The presentation was an overview of the industry’s development and maybe an insight on “what’s next,” more than a set of tactics that can be used today. However, the understanding of the next step of the development will help us with the tactics tomorrow.
Mike Grehan reminded us about the history of search and functionality of search engines – good old days of Altavista when a site related to a certain category and a category expert would not be found by search engine without actually using the category keywords. This approach was not helpful for the searcher, and the web moved along in using principles of Network Theory.
The Social Network Theory (I found a concise definition) assigns higher importance to the networks where the element is happen to be comparing to the activities and intrinsic quality of the element itself.
The application to search from Mike Grehan’s presentation: If I am a catholic, I can go to Church and ask the priest for the link… I can have many links, but if I can get just one link from the Pope….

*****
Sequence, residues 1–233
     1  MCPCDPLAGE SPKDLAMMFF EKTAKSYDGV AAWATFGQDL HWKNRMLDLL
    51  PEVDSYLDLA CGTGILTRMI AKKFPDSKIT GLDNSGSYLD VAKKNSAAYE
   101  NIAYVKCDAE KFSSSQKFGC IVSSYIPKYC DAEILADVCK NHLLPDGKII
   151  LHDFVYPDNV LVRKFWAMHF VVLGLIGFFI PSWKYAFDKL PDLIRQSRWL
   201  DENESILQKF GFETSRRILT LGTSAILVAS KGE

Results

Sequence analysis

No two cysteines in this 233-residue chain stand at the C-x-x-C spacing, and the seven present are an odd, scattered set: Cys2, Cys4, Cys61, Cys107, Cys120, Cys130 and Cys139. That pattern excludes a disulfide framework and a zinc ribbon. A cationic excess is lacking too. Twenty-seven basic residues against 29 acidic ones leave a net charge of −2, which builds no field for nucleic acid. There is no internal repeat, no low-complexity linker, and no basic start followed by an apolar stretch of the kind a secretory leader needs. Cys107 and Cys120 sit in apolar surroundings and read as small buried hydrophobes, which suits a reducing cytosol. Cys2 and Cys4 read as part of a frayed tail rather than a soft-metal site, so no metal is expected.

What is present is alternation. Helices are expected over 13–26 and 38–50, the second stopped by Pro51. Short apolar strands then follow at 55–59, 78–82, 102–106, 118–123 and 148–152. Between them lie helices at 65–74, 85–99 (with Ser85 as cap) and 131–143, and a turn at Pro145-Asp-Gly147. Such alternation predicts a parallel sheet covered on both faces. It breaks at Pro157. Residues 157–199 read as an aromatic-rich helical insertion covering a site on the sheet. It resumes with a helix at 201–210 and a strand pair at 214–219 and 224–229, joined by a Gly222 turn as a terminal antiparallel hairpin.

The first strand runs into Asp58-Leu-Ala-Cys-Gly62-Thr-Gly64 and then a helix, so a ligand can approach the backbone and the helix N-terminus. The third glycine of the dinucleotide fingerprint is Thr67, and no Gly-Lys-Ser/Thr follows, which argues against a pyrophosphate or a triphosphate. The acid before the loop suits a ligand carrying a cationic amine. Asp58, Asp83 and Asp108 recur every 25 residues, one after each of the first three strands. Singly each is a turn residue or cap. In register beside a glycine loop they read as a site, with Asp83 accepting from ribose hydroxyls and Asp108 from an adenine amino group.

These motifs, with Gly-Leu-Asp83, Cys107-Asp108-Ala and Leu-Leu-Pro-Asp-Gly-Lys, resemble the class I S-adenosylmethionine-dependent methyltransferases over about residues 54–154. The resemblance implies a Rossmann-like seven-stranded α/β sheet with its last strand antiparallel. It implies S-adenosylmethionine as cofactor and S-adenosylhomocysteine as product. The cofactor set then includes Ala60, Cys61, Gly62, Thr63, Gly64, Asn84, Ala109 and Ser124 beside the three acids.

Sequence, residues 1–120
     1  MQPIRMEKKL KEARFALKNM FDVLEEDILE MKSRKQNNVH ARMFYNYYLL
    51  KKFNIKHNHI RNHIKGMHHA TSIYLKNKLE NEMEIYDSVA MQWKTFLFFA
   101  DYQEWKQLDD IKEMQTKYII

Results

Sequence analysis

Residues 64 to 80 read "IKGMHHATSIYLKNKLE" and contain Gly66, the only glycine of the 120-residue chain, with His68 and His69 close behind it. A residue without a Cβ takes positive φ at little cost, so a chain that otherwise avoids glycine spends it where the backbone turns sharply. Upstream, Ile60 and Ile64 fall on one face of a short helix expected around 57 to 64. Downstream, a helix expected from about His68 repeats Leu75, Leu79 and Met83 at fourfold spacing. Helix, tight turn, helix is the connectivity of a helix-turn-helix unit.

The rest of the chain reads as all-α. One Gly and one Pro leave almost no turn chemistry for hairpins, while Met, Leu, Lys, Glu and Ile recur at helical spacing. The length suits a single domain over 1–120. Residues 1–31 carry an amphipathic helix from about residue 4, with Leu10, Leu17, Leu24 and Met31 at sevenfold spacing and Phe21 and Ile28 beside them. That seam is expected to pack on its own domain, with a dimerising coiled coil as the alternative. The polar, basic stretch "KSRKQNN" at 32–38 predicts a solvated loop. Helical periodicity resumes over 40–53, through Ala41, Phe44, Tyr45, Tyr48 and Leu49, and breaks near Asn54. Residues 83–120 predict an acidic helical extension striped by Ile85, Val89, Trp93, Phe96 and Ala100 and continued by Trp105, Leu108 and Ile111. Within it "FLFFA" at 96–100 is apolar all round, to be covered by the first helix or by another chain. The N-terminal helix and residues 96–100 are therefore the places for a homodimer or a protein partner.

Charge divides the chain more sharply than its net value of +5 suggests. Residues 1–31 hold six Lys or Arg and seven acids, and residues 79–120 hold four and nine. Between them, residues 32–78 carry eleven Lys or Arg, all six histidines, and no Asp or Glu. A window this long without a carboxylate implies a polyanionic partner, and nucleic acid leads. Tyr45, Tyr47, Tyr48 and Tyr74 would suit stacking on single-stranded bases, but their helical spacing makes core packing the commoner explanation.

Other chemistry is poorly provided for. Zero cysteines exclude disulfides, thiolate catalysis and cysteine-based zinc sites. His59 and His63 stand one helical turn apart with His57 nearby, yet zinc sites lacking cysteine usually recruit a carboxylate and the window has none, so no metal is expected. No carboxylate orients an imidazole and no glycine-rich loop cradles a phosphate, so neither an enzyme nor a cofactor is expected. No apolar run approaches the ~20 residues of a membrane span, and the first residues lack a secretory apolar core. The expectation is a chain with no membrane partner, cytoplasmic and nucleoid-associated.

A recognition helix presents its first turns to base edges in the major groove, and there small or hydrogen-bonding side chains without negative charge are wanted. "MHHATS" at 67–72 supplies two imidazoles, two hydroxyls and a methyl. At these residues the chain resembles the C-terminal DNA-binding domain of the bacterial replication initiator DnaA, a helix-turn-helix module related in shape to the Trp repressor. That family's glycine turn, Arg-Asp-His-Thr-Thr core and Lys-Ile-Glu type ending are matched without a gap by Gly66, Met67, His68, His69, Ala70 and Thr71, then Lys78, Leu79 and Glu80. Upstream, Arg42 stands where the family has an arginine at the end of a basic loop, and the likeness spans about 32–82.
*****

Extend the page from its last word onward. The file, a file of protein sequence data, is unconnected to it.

Increasingly, the search results are tailored to a person’s unique interests based on the person’s interests derived from the browsing history.
There are a few interesting implications (beside making sure that content we are trying to promote linked as widely as possible within networks and not necessarily web sites):
- People might select what they “ought to” read or watch and not necessarily what they want to read of watch. As a result, they may not be interested in more information in the same category…
- We can be isolated in selected type of content and “shelter” ourselves from otherwise useful or important information.